In an exhibition hall at Reinbeckhallen, Berlin, an artificial sun hovers above an abstract altar. Low Bros in collaboration with HEIMAT Berlin x Deutsche
Krebshilfe x Arbeitsgemeinschaft Dermatologische Prävention (ADP) have
created a dystopian, temple-like scenario to highlight the risks of using tanning beds.
The sun often takes on the role of a solar deity, and it is one which hasn’t been forgotten, especially within the spheres of worship. This is an insight that Low Bros, an artistic duo consisting of Berlin-based brothers Christoph and Florin Schmidt, have worked with. “In our eyes, a tanning salon is a kind of place of worship, in which a recurring ritual takes place” says the duo. It is through their ‘Spectrum’ installation that this emphasis on the humanistic worship for the sun is exhibited.
This solar deity continues to act as a central focal point for their installation. It is constructed out of real UV-lighting tubes that levitate from a ceiling in an ominous, industrial hall. The total of 53 tubes (100W each) hang above an abstract pyramid, a piece truly resonant of Low Bros’ artistic style. The sun emulates radiance and threat, amidst a prophetic yet prescient setting in which it is presented. The abstract altar, positioned in scattered segments below, signifies the destructive power of the sun by losing its ‘skin’. With 2 geodetic spheres that consist of a total of 6900 watts of power looming above, the intensity of the UV light is so harmful to the body that visitors need to wear protective suits and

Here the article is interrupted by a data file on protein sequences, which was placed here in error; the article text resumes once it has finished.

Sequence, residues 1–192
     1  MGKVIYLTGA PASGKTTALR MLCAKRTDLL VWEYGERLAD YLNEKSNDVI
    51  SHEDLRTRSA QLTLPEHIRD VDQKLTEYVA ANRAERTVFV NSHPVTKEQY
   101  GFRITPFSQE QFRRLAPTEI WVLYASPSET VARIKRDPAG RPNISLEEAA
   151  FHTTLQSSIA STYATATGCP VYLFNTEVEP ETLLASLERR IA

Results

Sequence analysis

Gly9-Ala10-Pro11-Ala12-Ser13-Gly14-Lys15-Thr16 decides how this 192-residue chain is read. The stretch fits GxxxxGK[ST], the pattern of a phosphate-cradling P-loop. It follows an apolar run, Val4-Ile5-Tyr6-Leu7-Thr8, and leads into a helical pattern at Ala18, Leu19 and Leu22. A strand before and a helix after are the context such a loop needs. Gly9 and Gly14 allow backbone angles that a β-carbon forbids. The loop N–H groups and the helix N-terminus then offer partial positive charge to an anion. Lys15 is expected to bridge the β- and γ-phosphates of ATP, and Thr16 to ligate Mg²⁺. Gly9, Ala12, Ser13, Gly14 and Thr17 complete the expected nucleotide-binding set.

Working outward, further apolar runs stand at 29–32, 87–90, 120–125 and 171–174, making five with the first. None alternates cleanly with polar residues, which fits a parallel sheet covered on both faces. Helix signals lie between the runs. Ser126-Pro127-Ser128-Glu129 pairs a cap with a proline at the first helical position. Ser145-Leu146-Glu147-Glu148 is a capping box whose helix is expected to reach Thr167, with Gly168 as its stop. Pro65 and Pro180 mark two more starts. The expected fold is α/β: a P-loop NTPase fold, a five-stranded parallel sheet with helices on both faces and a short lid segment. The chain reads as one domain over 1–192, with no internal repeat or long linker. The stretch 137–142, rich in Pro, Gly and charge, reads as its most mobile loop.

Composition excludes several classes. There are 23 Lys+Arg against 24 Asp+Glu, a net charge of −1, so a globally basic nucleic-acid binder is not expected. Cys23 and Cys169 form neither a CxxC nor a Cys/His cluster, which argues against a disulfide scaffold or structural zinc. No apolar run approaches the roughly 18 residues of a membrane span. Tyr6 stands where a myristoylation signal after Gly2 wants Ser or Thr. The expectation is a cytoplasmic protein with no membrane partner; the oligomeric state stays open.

UV-protection visors. This latest creation takes a danger unrecognised by many and renders it suddenly tangible to a general audience.
“Mankind is good at only recognising wrong steps afterwards and acting accordingly. Apparently it takes time and distance for an objective analysis to take place” explains Christoph and Florin, “in addition to the emotional closeness and experience, we try to create a temporal distance in which the recipient has the feeling that they are in a excavation site.” With around 37,000 people suffering from malignant melanoma annually in Germany, this installation hopes to grow awareness of such dangers – another side to the spectrum of tanning, often believed to be relaxing leisure time for high-risk people, young adults under the age of 35. Professor Eckhard Breitbart, dermatologist and chairman of the ADP states, “a tan is never healthy; it is a stress reaction of the skin and people are damaging their health with each visit to the tanning salon.”
Like night and day, this installation was only available to the public from 22-23 January 2020. To keep updated for when the exhibition will be opening again, you can follow the links below: